In 2011 the Dutch Court of Audit released a report on the benefits of using open standards and open source software for government IT, concluding that there were hardly any benefits to be gained. The Court’s underlying research was widely criticized. In this article, the authors analyze the report’s omissions and weaknesses, introduce an economic framework for evaluating standardization, apply that framework to the subject of switching costs, and conclude that the framework, in combination with elements from other existing methodologies, can provide a starting point for more systematically performing international policy research relating to the benefits of open standards.
Consensus on what constitutes an ‘open standard’ has always been difficult to achieve. In this article, I review the norms of openness required by traditional SDOs and modern consortia in light of their goals, as well as the traditional and just-adopted definitions of openness that can be found in a variety of national, regional and treaty settings.
While network effects provide great benefits, they can also lead to great risks. The Internet is increasingly becoming the unique host for essential services, as government, finance, energy management, supply chains, telephony and much more abandon traditional channels and migrate to the Web. Now, the rapid adoption of the cloud computing model points towards a future of rapidly growing concentrations of crucial data and software in a limited number of massive data centers that are inadequately protected against cyber attack, and not at all against a determined physical assault. In this article, I outline the growing risks, suggest the types of physical and virtual security standards frameworks that should be developed and implemented to minimize vulnerability to catastrophic attacks, and evaluate whether new cyber security legislation proposed by the Obama administration is sufficient to meet the need.
Since the passage of the National Technology Transfer and Advancement Act of 1995, government has by law taken a back seat to the private sector in standards development. For years, the national interest has been well-served by the “bottom up” standards development process mandated by the NTTAA. The advent of globalization and the need to implement policies dependent on the development of complex, cross-sectoral standards profiles, however, indicates that the public-private partnership institutionalized by the NTTAA needs to be rebalanced.
The last 25 years have been marked by an explosion of consortia formed to develop, promote and otherwise support ICT standards. The reasons for creating a new consortium include the absence of appropriate technical expertise, interest, and/or supporting programs in existing organizations, and the benefits to be gained from directing all of the resources and efforts of a self-selecting membership to a particular set of common objectives. This article reviews the benefits to be obtained from launching a new consortium, the criteria to use to determine whether doing so is appropriate, the programs and functionalities available for achieving specific goals, and the stage of institutional maturity at which each function must be added to accomplish a new organization’s mission.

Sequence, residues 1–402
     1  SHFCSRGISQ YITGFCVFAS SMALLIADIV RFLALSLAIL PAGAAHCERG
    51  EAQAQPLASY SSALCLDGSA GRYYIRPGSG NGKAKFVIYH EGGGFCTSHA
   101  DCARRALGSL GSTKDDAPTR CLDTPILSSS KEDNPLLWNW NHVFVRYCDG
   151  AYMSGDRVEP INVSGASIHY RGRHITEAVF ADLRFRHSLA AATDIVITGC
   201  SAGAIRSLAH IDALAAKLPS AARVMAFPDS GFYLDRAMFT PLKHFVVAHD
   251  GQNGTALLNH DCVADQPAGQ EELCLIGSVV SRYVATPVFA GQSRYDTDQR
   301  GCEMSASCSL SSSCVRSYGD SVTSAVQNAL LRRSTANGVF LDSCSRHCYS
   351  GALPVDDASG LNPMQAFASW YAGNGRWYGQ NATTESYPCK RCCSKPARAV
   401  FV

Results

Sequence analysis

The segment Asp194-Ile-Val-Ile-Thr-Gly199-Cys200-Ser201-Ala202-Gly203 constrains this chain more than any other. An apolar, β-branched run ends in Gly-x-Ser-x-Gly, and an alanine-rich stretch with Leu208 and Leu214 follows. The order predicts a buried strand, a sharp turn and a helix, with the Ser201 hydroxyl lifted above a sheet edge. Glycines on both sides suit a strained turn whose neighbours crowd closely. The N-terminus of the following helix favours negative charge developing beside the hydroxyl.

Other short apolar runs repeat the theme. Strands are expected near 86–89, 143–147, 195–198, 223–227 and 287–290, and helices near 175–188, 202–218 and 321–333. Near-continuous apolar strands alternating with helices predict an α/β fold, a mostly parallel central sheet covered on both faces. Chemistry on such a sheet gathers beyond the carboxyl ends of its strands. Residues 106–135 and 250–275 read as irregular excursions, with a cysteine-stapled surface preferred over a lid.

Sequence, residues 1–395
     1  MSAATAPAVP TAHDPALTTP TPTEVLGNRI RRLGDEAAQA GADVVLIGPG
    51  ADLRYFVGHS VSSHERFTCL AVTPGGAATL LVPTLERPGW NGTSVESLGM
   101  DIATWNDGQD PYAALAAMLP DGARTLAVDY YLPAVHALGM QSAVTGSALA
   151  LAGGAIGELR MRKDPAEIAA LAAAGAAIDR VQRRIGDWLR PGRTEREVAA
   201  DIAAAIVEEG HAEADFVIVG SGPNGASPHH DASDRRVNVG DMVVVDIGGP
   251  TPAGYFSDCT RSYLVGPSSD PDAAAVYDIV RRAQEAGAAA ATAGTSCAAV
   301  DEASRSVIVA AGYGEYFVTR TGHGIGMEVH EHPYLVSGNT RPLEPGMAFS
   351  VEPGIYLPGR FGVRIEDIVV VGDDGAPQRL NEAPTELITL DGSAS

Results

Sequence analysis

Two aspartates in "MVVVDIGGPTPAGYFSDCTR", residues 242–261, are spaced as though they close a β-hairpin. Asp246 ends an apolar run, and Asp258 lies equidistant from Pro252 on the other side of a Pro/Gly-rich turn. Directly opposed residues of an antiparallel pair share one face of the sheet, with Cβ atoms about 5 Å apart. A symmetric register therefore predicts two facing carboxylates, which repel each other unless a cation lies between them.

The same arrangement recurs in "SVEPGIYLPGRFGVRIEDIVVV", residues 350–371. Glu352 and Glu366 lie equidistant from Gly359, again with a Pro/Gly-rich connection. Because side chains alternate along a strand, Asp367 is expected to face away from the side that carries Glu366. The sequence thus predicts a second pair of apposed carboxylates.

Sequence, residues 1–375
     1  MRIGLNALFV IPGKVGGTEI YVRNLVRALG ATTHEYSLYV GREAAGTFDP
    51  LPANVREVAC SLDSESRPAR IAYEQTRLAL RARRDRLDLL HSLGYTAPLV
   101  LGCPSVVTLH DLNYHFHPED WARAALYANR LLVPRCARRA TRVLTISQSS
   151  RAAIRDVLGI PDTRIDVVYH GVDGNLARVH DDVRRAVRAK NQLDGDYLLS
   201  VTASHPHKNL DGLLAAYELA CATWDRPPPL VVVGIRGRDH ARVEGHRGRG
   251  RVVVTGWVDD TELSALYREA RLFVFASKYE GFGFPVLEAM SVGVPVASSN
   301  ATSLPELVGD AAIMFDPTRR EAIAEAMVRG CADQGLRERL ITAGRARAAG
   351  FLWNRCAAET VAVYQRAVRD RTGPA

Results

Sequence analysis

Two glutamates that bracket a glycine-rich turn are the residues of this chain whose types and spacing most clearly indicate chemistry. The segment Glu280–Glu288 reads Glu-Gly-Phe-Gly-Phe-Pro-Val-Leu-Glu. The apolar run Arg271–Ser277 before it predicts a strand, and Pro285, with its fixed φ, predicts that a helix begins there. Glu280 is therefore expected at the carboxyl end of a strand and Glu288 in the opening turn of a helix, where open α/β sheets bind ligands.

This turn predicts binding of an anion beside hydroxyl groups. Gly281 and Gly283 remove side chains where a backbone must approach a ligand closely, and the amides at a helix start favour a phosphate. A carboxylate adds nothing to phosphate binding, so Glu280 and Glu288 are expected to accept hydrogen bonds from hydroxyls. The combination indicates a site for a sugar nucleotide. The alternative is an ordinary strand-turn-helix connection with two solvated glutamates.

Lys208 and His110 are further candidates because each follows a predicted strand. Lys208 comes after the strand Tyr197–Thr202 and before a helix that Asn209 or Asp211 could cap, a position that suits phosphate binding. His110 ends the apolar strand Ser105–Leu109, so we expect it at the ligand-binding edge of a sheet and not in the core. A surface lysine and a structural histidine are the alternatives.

For over 100 years, the National Institute of Standards and Technology has fulfilled a vital role in supporting industry, science, public safety and more. In the standards arena, its mission has focused primarily on defining and enabling the measurement of weights and measures. A bill now in Congress would expand NIST’s historical authorization to institutionalize the important role it is now playing addressing complex, cross-sectoral, standards-dependent challenges such as the SmartGrid.
For decades, legal structures of various kinds have been developed to support collaborative activity, all referred to generically as “consortia.” While superficially quite different, each addresses the same core needs in its own way. In this article, I examine the ever versatile concept of the consortium, a uniquely appropriate vehicle for the rapidly proliferating collaborative initiatives of the digital age.
Before there were electronic documents, information could only be gathered by hand from multiple sources, and then combined into new documents that in turn became static. The same would be true for electronic documents today, if it weren’t for the Extensible Markup Language and the seemingly endless stream of derivative languages it has made possible.
Software that could be freely edited existed long before proprietary programs became the norm — but then it largely disappeared. When source-available, “free and open software” (FOSS) reemerged in the marketplace, it did so in a manner that was novel from both a social as well as a legal perspective. Today, it is an increasingly important part of the information technology landscape. In this article, I provide an overview of the history, legalities, social theory and commercial impact of the FOSS phenomenon, as well as some thoughts about its future.
Our headlong rush to migrate almost all key aspects of modern society to the Internet means that we must design new virtual defenses to emulate the walls and bars, guards and locks that protect us in the physical world. In this article, I survey the challenges to implementing cybersecurity, the types of standards used to provide it, the organizations that develop such standards, and the federal government’s first steps towards implementing them.